walter has put in some time on this subject ,and i,ve read it 3 times now i think im seeing any brush that is aftermarket should and will perform better than stock and its a matter of choice.i did buy some wizzard brushes that should be in the mail. i guess i should get some ho world brushes too. i did read on the how site a review about their brushes and price is a factor too.i,ve been playing with these lil cars for 3 winters now and have learned so much from the guys here on ht.just when i think i know something i realize i dont know jack!i,m heading back to the fray tuning thread and read and comprehend whats there again. thanx for adding your knowledge to this thread its appriciated and i check back 2 times a day to get some feedback. now i,m gonna do some testing of my own and see what i come up with.if i see something earthshaking i,ll report back.
 

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The silver compound brushes (at least those from Alan Galinko) are far and above the best performing brushes. They exceed the Wizzard and JB Thunderbrushes in every car that I have tested them in. However, most Clubs do not allow them, except for drag racing.
The problem with silver compound brushes is that they do wear very quickly and leave residue on the comm plate of the armature. This residue can fill the gaps between the comm plates and shorten the life of the armature. So, if you do run silver compound brushes, watch for brush wear and clean the comm plates (especially the gaps) on a regular schedule.
 

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walter has put in some time on this subject ,and i,ve read it 3 times now i think im seeing any brush that is aftermarket should and will perform better than stock and its a matter of choice.i did buy some wizzard brushes that should be in the mail. i guess i should get some ho world brushes too. i did read on the how site a review about their brushes and price is a factor too.i,ve been playing with these lil cars for 3 winters now and have learned so much from the guys here on ht.just when i think i know something i realize i dont know jack!i,m heading back to the fray tuning thread and read and comprehend whats there again. thanx for adding your knowledge to this thread its appriciated and i check back 2 times a day to get some feedback. now i,m gonna do some testing of my own and see what i come up with.if i see something earthshaking i,ll report back.

So between Wizzard and Thunderbrushes, they seem to be fairly even performers with the Wiz brushes holding maybe a slight edge, and both provide a performance boost over stock.

Is this pretty much a true statement?

joegri, did you like your WIZ brushes?

Dan
 

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Anybody else...

.... think the Wizzard brushes take a little longer to seat?

.... have a better service life?

.... I agree they produce way less crud!
 

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Galinko is the best hands down for those willing to care for the arms as the performance is superior in every way. That said most of us prefer less maintenance so give some wizzards a good rub and a TREK-X and they do just fine. Stock brushes have just too much trash material blended into the mash causing loss of conduction and are too thin causing loss of tension range.

Bear :wave:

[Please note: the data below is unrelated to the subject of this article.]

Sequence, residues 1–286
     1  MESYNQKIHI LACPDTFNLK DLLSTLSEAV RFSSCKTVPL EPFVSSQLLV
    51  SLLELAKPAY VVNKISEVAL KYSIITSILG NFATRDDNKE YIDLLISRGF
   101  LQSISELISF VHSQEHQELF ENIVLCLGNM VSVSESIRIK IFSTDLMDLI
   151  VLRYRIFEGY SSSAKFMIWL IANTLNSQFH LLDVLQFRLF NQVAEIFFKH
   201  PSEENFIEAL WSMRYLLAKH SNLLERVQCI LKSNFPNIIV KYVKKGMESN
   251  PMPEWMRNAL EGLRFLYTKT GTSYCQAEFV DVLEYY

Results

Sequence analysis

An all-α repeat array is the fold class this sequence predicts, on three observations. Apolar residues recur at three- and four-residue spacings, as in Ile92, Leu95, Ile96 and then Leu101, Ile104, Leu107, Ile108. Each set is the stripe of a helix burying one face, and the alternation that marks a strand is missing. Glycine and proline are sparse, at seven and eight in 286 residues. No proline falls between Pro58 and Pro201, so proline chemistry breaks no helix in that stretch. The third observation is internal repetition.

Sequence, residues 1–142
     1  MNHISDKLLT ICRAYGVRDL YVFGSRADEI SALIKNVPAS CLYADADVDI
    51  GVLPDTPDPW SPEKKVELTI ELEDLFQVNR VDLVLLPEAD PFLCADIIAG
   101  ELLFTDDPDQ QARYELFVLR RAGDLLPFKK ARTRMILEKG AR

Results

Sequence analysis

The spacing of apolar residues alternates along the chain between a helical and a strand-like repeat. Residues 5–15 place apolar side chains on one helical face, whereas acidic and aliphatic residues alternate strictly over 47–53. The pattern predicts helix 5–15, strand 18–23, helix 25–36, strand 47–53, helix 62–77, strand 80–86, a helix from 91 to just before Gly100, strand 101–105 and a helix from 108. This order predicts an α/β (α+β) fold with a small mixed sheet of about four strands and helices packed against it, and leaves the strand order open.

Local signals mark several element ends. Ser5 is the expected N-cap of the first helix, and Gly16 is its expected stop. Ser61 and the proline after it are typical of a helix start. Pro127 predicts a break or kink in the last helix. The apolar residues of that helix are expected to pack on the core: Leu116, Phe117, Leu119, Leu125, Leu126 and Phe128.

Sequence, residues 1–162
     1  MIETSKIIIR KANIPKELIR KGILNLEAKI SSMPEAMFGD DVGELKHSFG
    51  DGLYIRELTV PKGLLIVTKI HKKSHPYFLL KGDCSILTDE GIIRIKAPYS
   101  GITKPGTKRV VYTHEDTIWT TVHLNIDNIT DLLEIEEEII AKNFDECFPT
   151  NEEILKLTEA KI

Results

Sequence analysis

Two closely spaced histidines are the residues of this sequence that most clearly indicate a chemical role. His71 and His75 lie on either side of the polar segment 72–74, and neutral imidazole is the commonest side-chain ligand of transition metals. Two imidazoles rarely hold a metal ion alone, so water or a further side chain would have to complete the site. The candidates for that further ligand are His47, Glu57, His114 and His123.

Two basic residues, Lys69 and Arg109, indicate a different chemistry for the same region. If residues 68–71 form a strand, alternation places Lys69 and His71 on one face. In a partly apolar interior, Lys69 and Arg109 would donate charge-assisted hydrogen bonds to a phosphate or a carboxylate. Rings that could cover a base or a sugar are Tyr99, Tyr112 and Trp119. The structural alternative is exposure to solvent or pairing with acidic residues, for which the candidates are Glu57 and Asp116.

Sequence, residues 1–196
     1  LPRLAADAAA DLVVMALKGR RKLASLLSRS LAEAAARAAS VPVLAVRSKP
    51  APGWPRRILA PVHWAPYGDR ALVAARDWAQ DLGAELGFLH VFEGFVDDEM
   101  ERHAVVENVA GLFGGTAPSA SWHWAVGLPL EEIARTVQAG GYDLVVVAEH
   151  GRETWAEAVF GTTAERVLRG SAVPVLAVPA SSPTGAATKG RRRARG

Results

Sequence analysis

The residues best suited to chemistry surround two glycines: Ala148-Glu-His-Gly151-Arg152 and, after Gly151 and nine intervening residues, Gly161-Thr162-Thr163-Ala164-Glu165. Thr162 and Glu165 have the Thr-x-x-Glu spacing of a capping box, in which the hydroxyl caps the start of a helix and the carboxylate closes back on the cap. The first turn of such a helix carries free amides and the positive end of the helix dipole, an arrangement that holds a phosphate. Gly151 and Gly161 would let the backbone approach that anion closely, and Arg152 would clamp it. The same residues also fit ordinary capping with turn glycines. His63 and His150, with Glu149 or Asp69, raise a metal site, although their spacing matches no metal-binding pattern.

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Lenny,
You are correct. The Wizzard and JB brushes out-performed both the HOWORLD and Stock brushes.
The Wizzard brushes were slightly better than the JB brushes.
 

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Lenny,
You are correct. The Wizzard and JB brushes out-performed both the HOWORLD and Stock brushes.
The Wizzard brushes were slightly better than the JB brushes.
Walt,
Thanks for the info. The reason I dug up this old thread and am asking is that I'm considering using one or both as 'original equipment' brushes for the Dash T-Jet chassis.

Dan
 

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Discussion Starter #16
lenny i,m thinkin that wizard brushes are fine but if were to come down to cost go with the lesser and me as a buyer can change them out at anytime. what ever you deciede it,s not gonna stop the many of us that are eagerly awaiting the new chassis!i can only speak for me but i,ve been holding off from buying anything till the new girl shows up.
 

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Walt,
Thanks for the info. The reason I dug up this old thread and am asking is that I'm considering using one or both as 'original equipment' brushes for the Dash T-Jet chassis.

Dan
w00t! i noticed your post and was hoping it was something like that. can't wait to see the new product...

--rick
 

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Density, overall composition. While neither are 100% (none are) the variances are far greater with Wizzard brushes. While both have one concave face, I've literally had to take many a Wizzard brush down to stock Aurora height just to get 'em flat. And pitting....look at a few of each under a good 10x or better loupe, then try to smooth 'em out and inspect them again. It seems that on a Wiz brush, as you get rid of one layer of pits, a new layer, just as bad, is exposed. This looser density can also be noticable on the edges, sometimes to the naked eye.

To take it to the track, I've built a lot of cars for a lot of guys, and I've never had to "try another" JB brush, where with Wizzards I'd estimate 25% of the time I'd have a bad "new" brush. In my book, the only attribute that makes a Wizzard brush a perfomer of any kind is it's height, at stock height they are complete dogs.